Landslides present a substantial threat to survivors of last October's catastrophic earthquake in Pakistan and urgent action is needed ahead of summer rains to prevent large-scale loss of life, experts say.
ISLAMABAD Landslides present a substantial threat to survivors of last October's catastrophic earthquake in Pakistan and urgent action is needed ahead of summer rains to prevent large-scale loss of life, experts say.
Professor David Petley of the International Landslide Centre at Britain's University of Durham and Dr Mark Bulmer of the Landslide Observatory at the University of Maryland in the United States visited the quake zone in northern Pakistan in January.
In a joint report made available on Monday, they said that while the response of Pakistani and international relief agencies to the Oct. 8 quake had been remarkable, landslides posed a "substantial threat" to survivors.
The experts noted during their visit that a number of refugee tent villages were located in highly dangerous positions in river valleys vulnerable to landslides and needed to be moved.
The earthquake and more than 1,500 aftershocks triggered countless landslides in mountainous Pakistani Kashmir and adjoining North West Frontier Province.
The report said "near perfect" conditions had been created for fresh slides and flash floods.
"We predict there will will be a very high incidence of slip failures during the July monsoon season and many of these failures will be large-scale and destructive," it said.
"There are large numbers of people living on and beneath these slopes. The potential for large-scale loss of life is high."
"URGENT ACTION REQUIRED"
The quake was the strongest in South Asia in 100 years and killed more than 73,000 people in Pakistan and 1,300 in India. More than three million people were made homeless.
A major international relief effort has averted a feared second wave of deaths from cold and hunger over the winter, but the experts said a second disaster could still be imminent.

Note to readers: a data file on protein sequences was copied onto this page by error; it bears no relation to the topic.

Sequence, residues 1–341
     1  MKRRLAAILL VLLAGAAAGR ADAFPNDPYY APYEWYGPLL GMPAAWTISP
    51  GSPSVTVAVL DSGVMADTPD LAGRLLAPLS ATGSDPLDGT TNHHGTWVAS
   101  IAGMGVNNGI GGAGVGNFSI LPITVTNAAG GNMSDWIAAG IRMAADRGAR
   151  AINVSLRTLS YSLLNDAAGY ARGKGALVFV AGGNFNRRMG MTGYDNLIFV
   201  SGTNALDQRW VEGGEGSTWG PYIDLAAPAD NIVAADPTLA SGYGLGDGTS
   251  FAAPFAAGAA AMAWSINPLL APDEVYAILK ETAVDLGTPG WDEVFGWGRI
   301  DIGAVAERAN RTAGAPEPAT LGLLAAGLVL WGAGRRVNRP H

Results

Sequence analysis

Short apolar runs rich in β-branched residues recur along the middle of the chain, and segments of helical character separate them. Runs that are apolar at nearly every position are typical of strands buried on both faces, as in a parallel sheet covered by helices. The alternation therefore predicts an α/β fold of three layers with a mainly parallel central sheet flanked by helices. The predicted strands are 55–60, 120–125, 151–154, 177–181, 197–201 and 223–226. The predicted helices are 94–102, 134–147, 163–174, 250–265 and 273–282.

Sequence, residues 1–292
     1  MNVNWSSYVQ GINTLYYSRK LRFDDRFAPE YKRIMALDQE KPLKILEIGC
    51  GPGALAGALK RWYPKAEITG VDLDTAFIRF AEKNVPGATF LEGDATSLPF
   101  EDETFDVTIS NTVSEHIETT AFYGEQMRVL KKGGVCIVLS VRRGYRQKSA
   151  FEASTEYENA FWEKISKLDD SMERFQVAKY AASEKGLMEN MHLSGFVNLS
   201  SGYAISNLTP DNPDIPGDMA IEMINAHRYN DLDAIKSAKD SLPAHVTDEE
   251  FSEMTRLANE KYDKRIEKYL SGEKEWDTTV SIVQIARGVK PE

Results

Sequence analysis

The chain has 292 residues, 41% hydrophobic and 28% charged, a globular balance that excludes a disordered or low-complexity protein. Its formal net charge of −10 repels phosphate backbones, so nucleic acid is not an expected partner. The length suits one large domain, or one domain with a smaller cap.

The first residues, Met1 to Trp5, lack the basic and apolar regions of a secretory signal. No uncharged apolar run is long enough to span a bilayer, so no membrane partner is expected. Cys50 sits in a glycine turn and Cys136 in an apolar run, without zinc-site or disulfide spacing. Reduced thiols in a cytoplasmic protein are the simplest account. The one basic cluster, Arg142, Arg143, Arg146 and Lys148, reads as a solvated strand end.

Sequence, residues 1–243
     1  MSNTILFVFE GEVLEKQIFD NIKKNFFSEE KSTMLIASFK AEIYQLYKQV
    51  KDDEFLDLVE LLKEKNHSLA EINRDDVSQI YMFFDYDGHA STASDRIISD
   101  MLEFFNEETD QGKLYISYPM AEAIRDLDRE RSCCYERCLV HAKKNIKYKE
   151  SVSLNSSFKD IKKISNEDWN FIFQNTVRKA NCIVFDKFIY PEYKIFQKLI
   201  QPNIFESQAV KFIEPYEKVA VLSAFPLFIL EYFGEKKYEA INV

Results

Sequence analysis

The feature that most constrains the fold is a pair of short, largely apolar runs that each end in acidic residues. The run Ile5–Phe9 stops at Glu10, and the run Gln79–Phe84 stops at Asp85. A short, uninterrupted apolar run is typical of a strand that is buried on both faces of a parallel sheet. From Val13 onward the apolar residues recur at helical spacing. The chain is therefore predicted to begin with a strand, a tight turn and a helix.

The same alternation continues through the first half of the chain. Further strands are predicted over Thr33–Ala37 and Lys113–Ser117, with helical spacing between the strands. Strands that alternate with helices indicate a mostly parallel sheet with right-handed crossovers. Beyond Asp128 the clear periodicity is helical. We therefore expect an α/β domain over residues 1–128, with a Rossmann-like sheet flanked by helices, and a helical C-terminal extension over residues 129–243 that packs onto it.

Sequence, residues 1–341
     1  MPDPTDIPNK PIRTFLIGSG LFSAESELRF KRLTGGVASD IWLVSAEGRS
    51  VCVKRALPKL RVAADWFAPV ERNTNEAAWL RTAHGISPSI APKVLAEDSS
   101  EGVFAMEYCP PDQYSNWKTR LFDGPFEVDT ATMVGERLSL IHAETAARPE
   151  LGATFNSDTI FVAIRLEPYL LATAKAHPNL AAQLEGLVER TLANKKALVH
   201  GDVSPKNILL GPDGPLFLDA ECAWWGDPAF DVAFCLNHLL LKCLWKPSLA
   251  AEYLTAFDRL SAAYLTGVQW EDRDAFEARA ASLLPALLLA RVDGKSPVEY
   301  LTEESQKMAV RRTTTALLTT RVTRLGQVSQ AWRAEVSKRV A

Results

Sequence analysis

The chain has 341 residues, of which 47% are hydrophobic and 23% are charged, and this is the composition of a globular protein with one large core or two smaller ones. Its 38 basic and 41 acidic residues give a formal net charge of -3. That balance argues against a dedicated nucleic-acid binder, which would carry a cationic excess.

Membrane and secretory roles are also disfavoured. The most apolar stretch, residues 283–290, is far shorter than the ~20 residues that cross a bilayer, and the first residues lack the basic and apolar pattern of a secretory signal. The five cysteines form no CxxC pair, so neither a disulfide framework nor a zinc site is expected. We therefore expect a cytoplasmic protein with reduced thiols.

"We feel that urgent action is required and strongly urge the authorities to recognise that a policy of just monitoring is simply not adequate in this case," their report said.
The Pakistani military warned in December that the collapse of a mountainside triggered by the quake had blocked two major streams near the town of Hattian Bala in Kashmir, creating huge lakes that could endanger up to 12,000 people.
The experts' report said the potential for a "catastrophic breach" of a dam created by the landslides at Hattian Bala was very high -- a greater than 80 percent chance -- and summer rains presented a serious threat of a second "large-scale disaster".
"We believe that the breach of the larger lake will be potentially catastrophic and will induce a flood that will be highly destructive," it said.
Colonel Baseer Haider Malik, a spokesman for the Pakistani government's earthquake relief commission, said he did not believe there was any immediate danger to populations.
He said spillways -- one of the recommendations of the report -- had already been created to release water from the lakes.
Malik also said he was confident other necessary work in the quake zone would be completed and people moved from danger areas by the time of the summer rains.